Age 88, passed away January 21, 2023. He was born February 24, 1934, in Paleoxari (now, Potidania), Dorida, Greece, to James and Mary (Mitsakis) Kavalaris. Gus was a man of wisdom and kindness, with enormous love for his family & Church, and is greatly respected by all who knew him. Gus was a provider, a man of deep convictions, and genuinely caring & concerned for others. His knowledge was vast and Gus was always supportive and willing to share and enlighten, both professionally and personally. Smiles arise when Gus would share stories and quotes learned from his grandfather when Gus was a young boy, before escaping Greece with his family at 12-years old to start a new life in the United States he so deeply loved. First, in Albion and Jackson, before settling in Lansing to be close to a Greek Orthodox Church Community. These are facts. But, to truly know Gus, you must know where he came from, how he suffered through the hells of World War II in a remote tiny village (75 families) in mountainous north-central Greece, and how a life lived with joy can start materially poor, if one can stay spiritually rich. Gus was the first child born after his father returned to Greece to get married, start a family, and take care of the elders after having been in America since 1909; including, his father’s WWI service in the U.S. Army. From the single-digit years of youth, Gus had life responsibilities because all had to contribute to survive. However, this was amplified when WW2 came to Gus’ village when Gus was just six-years young. Life instantly changed. He & his family were stuck there. Gus starved, suffered, and he witnessed horrors of WW2 such as invading forces stealing family food, executions of villagers without trial, and instant deaths of two classmates at desks next to him during a grenade attack that hit his one-room school. Gus acquired extra understandings about life & death and responsibilities beyond what we think is possible for one so young. Gus’ grandfather taught him how to survive. As war years ensued, Gus was tasked to find food in the woods – i.e., acorns and such that could be ground into a flour for his mother to bake bread – and how to get fish, covertly, with his grandfather in the nearby river so family might sometimes better eat. By ten years old, Gus & his grandfather were the men of the house as Gus’ father had departed to Athens as a translator for the Allies. 1944 brought liberation to his village. Gus finally had peace: tending to sheep; cultivating crops in the fields; but still walking everywhere without shoes, except for the pair of moccasins his grandfather hand-made for him. A lasting peace never arrived as a Greek Civil War brewed. Fortunately, Gus was one of the lucky ones as he and his family were secretly summoned by their father to quietly leave the village overnight, escape over mountains to a waiting small boat, and then to Athens & Piraeus 3-weeks before Civil War exploded. There, March 6, 1946, Gus and his entire family, except for his dearly loved 88-year-old grandfather who stayed in the village not wanting to travel, boarded a ship, Marine Tiger, for a 12-day voyage to U.S.A.; the freedom of America: his father’s precious gift of a new, better life to live. In New York City, Gus and his father kissed the ground. They never looked back. But, bittersweet it was as Gus knew he would never see his grandfather again. After arriving, Gus worked, as did his whole family. Though materially poor, they kept a clean / neat home and all contributed cash to common family goals to survive. Gus’ family was close and he was taught the blessings of opportunity: America offers no guarantee of success. You must do the hard work. Gus did that. He learned English; graduated from J.W. Sexton H.S., 1953, then to Michigan State University. Gus, via his family, believed in education. Years later, Gus would advise youth, as District Advisor to the Sons of Pericles (Jr. Order of AHEPA, of which Gus was a life member) to pursue/finish college by saying, “Four years of hell, for forty years of happiness after graduation!” And, they knew Gus had practiced what he preached: Unable to afford the bus, Gus daily walked 9-miles: first, from the family home on Woodlawn (REO town) to downtown Lansing for restaurant jobs (dishwasher, busboy, lunch counter waiter) to earn cash for college; Gus then walked Kalamazoo St. to MSU for classes; walked back downtown; worked more; walked home, then studied & did homework; lastly, sleep to repeat next day. Work at Lansing Cafe taught consistency and importance of details. Gus memorized each regular customers’ daily order to cultivate better tips. One of the trusted regulars later offered Gus a big raise to work for him selling shoes. Gus leaped at the opportunity to make more money for college; even, using some of his own earnings to buy lollipops to give free to customers with a child; encouraging repeat visits & better future commissions when such buyers asked for Gus. It all worked. In 1957, Gus graduated from MSU; earning his Bachelor’s Degree in Civil Engineering; plus, completing ROTC & its Army basic training at Ft. Leonard Wood, MO. Gus was never active duty, instead joining Michigan Dept. of Transportation’s Design division, which was growing due start of Interstate Highway program. Gus became a Registered Professional Engineer & eventually rose to become Engineer of Local Services, responsible for projects enhancing transportation in local communities. And, learning continued: Gus was a Toastmasters Club participant (to improve his ability to speak in public). Gus was so good, he eventually, made important speeches to city councils and community leaders, representing MDOT at events statewide. Gus also assembled a team of top professionals that together were impactful. So much so that Gus is credited with creating and developing Michigan’s Federal Aid Urban System process, which enables more critical value projects to be built with no delays, saving money so more improvements can be realized than otherwise possible. In 1997, Gus retired after 40 years of service. The westbound I-94 rest area near Marshall is named after Gus, in his honor, by MDOT. Detroit’s Metro Airport expansion South Access Road & tunnel system is a project of key importance that exists because of Gus’ creative approaches in assembling resources and uniting competing interests towards common goals that benefit the traveling public. Years later, in retirement, Gus volunteered, no cost, his transportation finance & project planning expertise to his alma mater so MSU Farm Lane railroad bridges project could become real; eliminating a campus bottleneck of decades; improving safety. Gus traveled much around the state for work. Still, no matter how much, he was always home before dinner daily even if it meant a drive back somewhere the next day. Family, until the end of his life, was always at the top of Gus’ priority list. After his father’s untimely passing, Gus and his sister took care of their mother for the next 40-years. And, Gus gave much time to his son, Jim; finally enjoying a youth Gus never had in Greece. Gus gave his son freedom to succeed / fail without judgment as he explored new activities growing-up; provided opportunity to learn / discover special interests such as home computers when they first appeared; Saturday sports activities; and other enrichment. Still, Gus often stayed in background, because even with opportunity, his son still had to do the work himself to succeed. It’s said Gus beamed with joy when he spoke of his son and missed his being nearby while Jim lived & worked out-of-state as an engineer before coming home to help take care of Gus & the family as Gus aged, just as Gus and his father each did for their elders. Gus was a great listener. Gus and his son have a special relationship that will be more difficult in death, but still unbreakable, even in spirit. Gus gave Jim a rock solid foundation because he cared to lead by his example. Gus taught Jim communication skills are very important: “Even if you create an amazing idea, if you cannot communicate it to others, what is it worth?” And, Gus’ ‘secret’: “C3 + PPG = Success” – i.e., “Communication & Cooperation gives people more Confidence in each other to better Prepare, Participate and Grow towards whatever is their goal!” Gus expressed meaning of commitment, by example. Gus deeply loves his wife, Connie, sharing the joys & challenges of life for 62-years. During Gus’ work era, a simple shopping trip with his wife to a mall around the state, looking, together, for a particular item or deal was enough to recharge energy. Gus knew the value of timeless products and avoided trends that were just being showy. Still, Gus was always sharp and felt comfortable in any environment from casual to formal & when meeting all types of people. In his spare time, and with family, Gus enjoyed live MSU sports, with season tickets to basketball; Gus played tennis weekly; then, as he aged, mostly golf (even having a hole-in-one). Gus loved travel to see the fullness of the U.S., eventually, coast-to-coast. Gus loved Broadway shows at MSU & elsewhere. And, Gus loved music, including attending many big concerts with his son, such as Earth, Wind, & Fire, Michael Jackson, Bruce Springsteen, and Aretha Franklin. Gus appreciated the star performer, but would often more watch other artists supporting the star – e.g., a keyboard player, etc. – i.e., everyone mattered to Gus and bands were great teams vs. only the person at the top getting noticed; similar to how Gus loved his team at work. Gus was a long time parish steward of Holy Trinity Greek Orthodox Church, where early he sung in the choir, served on Parish Council & several committees including Iconography, Architectural, and countless fundraiser & other volunteer activities like planning the 1970s Greek Festivals. Gus was a consistent greeter of students who would come to Church looking for a home away from home during their college years And, for decades, Gus went early to Church to make coffee for social hour. Gus loved to Greek ethnic dance and loved traditional dance shows at Greek Festivals he attended around the Midwest & Canada, and later watching on video after he was too ill for big travel. But, Gus always believed in exercise. And, did a workout routine each day. Even until the end. Gus rode a NuStep recumbent bike for 45-minutes daily. Gus was practical + wise. In life, Gus did what he had to do, when he had to do it. He took responsibility seriously. Gus has gratitude for those who helped him by giving opportunity so he had a place to do the work to bear the true fruit of opportunity. Gus lived thankful for what he had, never concerned for what he didn’t have; enjoying the journey! And, Gus did not let past horrors get in the way of his present or future. Gus was happy, he smiled, was full of energy and loved life and his family fully! Gus’ family + friends will miss him. But they know, through faith, they will one day be reunited in the next world of much joy. Just as Gus had faith getting from war-torn Greece to America – his first new world to love – we believe Gus journeys to his next new world: Paradise. He died knowing his family’s deep love for him.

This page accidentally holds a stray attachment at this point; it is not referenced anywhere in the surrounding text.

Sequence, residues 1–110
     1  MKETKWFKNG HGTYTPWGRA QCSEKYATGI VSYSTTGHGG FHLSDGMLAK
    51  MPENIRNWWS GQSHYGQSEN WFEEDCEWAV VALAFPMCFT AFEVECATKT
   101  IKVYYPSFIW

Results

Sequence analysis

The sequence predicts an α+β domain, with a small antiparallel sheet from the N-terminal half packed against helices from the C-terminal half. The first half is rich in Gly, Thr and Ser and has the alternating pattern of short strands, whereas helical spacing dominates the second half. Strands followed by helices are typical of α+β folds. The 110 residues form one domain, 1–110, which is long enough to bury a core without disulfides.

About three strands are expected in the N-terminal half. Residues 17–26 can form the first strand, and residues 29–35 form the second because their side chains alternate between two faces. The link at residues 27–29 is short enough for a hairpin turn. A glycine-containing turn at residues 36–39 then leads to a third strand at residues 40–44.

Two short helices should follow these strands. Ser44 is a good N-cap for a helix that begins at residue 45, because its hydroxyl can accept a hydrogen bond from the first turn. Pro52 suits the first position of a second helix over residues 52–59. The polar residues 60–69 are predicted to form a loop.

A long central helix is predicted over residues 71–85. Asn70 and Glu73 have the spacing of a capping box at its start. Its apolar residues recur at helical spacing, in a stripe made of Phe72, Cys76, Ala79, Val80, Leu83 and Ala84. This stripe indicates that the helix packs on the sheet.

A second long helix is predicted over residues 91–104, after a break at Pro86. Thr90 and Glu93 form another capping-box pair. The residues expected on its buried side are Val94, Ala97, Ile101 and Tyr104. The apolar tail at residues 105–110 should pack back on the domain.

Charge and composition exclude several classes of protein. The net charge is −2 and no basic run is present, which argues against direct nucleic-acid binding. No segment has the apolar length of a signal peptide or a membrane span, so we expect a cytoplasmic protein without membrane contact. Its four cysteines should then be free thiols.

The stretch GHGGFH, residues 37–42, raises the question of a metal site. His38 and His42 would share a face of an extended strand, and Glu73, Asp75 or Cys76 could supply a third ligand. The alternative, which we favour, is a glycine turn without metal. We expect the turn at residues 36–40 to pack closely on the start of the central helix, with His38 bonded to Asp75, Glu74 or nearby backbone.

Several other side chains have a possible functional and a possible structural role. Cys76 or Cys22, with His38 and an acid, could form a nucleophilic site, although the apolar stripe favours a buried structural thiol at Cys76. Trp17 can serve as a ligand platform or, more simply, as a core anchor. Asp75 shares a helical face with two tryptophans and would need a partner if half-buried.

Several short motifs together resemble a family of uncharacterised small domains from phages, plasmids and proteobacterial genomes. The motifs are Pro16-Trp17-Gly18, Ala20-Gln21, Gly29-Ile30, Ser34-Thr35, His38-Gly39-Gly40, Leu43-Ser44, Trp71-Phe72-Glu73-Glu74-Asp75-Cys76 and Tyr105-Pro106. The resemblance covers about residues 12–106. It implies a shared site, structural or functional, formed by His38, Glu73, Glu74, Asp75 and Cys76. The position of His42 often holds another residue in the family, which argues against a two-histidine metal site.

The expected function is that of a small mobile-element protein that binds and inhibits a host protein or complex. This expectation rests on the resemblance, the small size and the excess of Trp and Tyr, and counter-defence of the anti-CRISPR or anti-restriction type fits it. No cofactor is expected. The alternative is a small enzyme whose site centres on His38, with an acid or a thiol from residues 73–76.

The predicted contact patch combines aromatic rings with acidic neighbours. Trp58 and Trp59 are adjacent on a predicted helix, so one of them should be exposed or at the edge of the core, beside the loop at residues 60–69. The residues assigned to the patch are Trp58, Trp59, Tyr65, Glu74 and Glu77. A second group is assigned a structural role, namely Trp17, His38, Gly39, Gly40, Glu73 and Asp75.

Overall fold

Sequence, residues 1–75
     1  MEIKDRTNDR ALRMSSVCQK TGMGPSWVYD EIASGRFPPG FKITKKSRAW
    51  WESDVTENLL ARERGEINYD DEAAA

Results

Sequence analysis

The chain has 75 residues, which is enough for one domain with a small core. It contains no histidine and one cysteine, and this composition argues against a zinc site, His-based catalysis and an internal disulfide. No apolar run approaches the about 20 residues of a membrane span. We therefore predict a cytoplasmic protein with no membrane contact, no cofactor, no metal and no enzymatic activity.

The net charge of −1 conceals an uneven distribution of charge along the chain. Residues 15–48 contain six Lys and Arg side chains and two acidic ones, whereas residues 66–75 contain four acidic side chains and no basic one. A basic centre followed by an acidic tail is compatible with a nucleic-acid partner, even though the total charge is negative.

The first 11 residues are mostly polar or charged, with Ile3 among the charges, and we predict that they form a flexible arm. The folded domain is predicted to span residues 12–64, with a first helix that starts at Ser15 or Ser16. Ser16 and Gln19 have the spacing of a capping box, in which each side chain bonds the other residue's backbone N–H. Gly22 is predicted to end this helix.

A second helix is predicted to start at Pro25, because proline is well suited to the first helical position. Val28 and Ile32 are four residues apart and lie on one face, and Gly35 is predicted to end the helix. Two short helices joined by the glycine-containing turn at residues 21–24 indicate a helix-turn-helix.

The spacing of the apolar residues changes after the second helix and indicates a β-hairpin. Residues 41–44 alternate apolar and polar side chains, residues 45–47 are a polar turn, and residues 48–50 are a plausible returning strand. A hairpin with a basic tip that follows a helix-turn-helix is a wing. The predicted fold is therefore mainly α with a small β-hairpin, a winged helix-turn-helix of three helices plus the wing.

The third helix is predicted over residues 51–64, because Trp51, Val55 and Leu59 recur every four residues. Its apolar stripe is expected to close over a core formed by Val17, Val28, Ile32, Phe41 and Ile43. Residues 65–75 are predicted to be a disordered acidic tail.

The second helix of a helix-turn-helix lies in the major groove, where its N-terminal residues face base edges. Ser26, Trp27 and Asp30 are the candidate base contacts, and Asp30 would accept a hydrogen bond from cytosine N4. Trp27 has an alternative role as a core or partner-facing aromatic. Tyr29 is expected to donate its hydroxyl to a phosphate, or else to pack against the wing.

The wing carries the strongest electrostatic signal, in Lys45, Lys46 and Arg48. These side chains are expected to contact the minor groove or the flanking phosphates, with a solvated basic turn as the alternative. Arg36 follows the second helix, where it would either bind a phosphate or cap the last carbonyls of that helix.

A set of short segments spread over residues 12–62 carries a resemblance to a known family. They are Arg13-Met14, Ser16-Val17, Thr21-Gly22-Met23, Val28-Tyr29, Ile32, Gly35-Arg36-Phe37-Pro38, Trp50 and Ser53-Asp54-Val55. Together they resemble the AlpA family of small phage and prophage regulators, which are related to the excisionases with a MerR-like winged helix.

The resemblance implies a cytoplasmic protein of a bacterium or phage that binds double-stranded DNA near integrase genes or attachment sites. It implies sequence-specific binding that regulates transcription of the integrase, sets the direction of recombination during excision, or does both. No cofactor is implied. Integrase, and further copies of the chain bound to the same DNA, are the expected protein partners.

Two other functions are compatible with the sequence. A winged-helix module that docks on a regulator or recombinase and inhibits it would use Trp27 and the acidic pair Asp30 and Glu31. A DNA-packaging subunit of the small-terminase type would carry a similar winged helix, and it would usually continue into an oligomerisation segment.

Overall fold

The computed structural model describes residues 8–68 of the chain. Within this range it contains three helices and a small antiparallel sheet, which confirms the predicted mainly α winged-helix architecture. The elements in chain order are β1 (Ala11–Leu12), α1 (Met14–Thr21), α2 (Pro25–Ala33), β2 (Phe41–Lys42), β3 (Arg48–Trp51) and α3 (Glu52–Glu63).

Gus is survived by his wife, Connie Kavalaris and his son, Jim Kavalaris. He was preceded in death by his sister Athanasia Goutis. The funeral service is at 11:30 a.m. Friday, January 27, 2023, at Holy Trinity Greek Orthodox Church, 1701 E. Saginaw St., Lansing, MI. Interment follows in Deepdale Memorial Gardens. His family will receive friends at Estes-Leadley Greater Lansing Chapel from 5:00 to 7:30 p.m. Thursday, with a Trisagion service at 7:30 p.m. In lieu of flowers, memorial contributions can be made to Holy Trinity Greek Orthodox Church in memory of Gus Kavalaris. Online condolences to family may be left at EstesLeadley.com. From the traditional Greek: May his memory be eternal!